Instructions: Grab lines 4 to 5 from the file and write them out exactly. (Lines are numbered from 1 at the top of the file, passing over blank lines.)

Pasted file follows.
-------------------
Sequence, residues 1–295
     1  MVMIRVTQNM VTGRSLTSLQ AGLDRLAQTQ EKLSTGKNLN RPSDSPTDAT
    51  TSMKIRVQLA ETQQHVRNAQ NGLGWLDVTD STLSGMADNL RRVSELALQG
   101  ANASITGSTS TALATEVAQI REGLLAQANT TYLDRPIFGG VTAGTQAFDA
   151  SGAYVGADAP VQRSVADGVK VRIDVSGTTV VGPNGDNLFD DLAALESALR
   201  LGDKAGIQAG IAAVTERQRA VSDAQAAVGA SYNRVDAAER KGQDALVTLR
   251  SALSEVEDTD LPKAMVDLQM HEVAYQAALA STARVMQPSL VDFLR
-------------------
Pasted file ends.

   101  ANASITGSTS TALATEVAQI REGLLAQANT TYLDRPIFGG VTAGTQAFDA
   151  SGAYVGADAP VQRSVADGVK VRIDVSGTTV VGPNGDNLFD DLAALESALR